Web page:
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Page 4 - Vibration motor

A vibration motor provides the ability to alert the wearer of any notifications silently. Use of the vibration motor is done sparingly since prolonged use will train the battery. If you do not want this feature, simply skip this section, and ignore future wiring associated with the motor. No negative effects will occur.

This may be the messiest soldering required. In a PCB version of the OSWatch, this would be one of the first parts moved to a board. Those new to electrical engineering may be tempted to simply wire the positive end of the motor to a OUT pin on the microduino, but this would be a bad idea. Each output pin on the microduino has a maximum amp output of around 40ma. The motor will draw 70-80ma. The circuit we will build solves this problem. For more information about this type of circuit, you can find a great tutorial -> motor tutorial.

As I mentioned, this one is messy, since we're cramming a handful of through hole components into a small space. First, here is the motor schematic

The Motor Schematic:

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1.) review schematic

This section will be a lot easier if you have familiarized yourself with this circuit. The end results will be 3 leads, 2 disconnected. The one connected lead will go to ground. The other two to be connected to power and a microcontroller pin in the future.

Parts laid out to match schematic

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2.) Connect the motor to the capacitor & diode

We begin by stripping a section of wire on each motor lead. Then we connect the capacitor and diode to the exposed wire. This keeps the logic as compact as possible.

Section 1 assembly

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3.) Assemble the transistor section

The transistor & a 1k ohm resistor (Brown, Black, Red) will be connected to the microduino control pin in the future. We solder the two together and use electrical tape to prevent shorts. A bit of super glue adds a complete seal and keeps the electrical tape from becoming unstuck.

Transistor assembly

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4.) Complete the circuit

The transistor collector pin joins withe the motor / diode / capacitor circuit. You need to make sure the length of this (motor to end of transistor) is less than the space width in the desired mounting location in the 3D printed Base. You will want at least a mm of clearance also (Don't forget the motor spins). You will also add the 33 ohm (Orange, Orange, Black) resistor on the opposite end of the motor / diode / capacitor section.

Completed circuit

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5.) Test the circuit

Nothing would be more depressing than skipping this, only to find out at the end the logic doesn't work. Also, once you glue this section into the base, it will be very hard to change. I have a spare Arduino Uno lying around. Simply follow the schematic and connect the VRegulator 3v3 pin (The 33 ohm Resistor pin) to 3v3 on the Uno, connect ground (the emitter pin on the transistor) to the Uno ground, and connect the 1K ohm resistor pin to a digital output pin (PWM works, but not required). You can download this shell application to test the motor here. Just change the MOTOR_PIN to the pin you choose, and run it. It should vibrate every second or so.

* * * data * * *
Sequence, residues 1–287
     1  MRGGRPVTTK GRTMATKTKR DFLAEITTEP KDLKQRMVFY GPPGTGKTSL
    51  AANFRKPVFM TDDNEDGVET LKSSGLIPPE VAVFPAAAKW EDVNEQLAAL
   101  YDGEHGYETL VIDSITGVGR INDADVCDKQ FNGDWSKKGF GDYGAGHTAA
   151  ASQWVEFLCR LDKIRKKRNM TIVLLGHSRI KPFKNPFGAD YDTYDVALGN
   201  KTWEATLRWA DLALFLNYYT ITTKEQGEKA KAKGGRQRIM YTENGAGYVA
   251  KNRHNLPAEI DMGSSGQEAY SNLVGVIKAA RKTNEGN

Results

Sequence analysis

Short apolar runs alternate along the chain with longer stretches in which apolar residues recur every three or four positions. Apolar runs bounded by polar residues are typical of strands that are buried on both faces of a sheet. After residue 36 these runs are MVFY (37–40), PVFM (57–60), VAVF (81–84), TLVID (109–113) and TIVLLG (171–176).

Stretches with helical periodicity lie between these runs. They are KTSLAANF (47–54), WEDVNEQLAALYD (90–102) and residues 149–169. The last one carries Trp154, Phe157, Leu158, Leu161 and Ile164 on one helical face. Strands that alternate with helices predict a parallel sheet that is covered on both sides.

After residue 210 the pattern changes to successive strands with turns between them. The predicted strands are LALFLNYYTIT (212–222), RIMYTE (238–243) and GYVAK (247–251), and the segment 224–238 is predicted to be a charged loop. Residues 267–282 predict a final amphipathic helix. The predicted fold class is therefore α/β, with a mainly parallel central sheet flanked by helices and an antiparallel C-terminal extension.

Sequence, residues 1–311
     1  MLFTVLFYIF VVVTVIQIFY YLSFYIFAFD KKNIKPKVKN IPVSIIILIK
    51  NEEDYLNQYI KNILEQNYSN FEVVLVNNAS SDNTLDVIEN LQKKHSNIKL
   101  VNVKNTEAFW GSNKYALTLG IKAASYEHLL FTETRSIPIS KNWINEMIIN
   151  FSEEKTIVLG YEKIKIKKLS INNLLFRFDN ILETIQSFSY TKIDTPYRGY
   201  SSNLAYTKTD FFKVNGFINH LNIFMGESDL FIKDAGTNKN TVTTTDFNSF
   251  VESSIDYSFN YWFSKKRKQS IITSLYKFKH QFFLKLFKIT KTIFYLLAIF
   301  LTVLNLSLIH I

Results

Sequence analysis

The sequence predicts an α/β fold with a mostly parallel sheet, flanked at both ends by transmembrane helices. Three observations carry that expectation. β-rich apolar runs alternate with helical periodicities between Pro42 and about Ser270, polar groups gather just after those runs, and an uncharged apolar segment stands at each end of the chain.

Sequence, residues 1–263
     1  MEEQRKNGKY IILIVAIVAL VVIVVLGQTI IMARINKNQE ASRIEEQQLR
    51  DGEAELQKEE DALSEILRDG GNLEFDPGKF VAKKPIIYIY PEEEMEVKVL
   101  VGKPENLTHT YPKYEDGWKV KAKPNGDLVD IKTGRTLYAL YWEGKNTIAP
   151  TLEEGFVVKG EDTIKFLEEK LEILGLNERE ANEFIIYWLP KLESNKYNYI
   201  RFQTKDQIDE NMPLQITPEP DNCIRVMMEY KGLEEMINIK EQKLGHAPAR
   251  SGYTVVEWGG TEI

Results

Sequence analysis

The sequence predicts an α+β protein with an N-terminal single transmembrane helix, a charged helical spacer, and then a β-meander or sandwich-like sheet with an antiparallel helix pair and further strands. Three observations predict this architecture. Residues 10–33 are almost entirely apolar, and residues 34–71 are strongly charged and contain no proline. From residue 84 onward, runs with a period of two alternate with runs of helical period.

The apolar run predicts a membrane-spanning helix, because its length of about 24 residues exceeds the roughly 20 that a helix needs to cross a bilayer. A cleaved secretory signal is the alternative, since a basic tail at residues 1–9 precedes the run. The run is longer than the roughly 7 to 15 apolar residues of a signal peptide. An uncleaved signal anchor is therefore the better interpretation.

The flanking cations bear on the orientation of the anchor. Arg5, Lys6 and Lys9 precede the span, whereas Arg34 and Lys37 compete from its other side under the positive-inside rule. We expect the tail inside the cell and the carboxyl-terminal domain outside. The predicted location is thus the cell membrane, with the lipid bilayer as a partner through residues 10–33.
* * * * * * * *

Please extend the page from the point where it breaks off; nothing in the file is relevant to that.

Testing

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6.) Install the module

When placing it in, make sure it is below the logic frame mounts, and make sure the motor weight (the metal part at the motor end) is not touching anything, and has some clearance. Then, add a few drops of glue to secure it. Once those drops have dried, spin the motor with a wire, or other object to make sure it can spin freely. Once you confirm that, add more superglue to completely secure the motor, without gluing the motor weight.

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Be careful not to glue the motor, or glue it too close to anything. Both would prevent it from spinning!

Installing the module

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You also want to wrap two wires around the battery (the ground and VReg feeds) You can solder the ground to the common ground pin from the power management system. You may need to use a bit of glue to keep the wires in check, but make sure the battery can properly fit. The VReg should be connected to a regulator feed in the future. Also, on the control pin (1K ohm resistor) you should add micro wire, and trim the resistor pin. This will make adding the logic frame easier in the future.

Guiding the wires

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7.) Verify the fit

As this is the end of building the watch base, you should once again verify the watch shell will still fit together. You will have to pass some wires through the button or screen holes. if all goes well, you should have a product that looks sorta like this:

Clean fit

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Next Page - Module Placement

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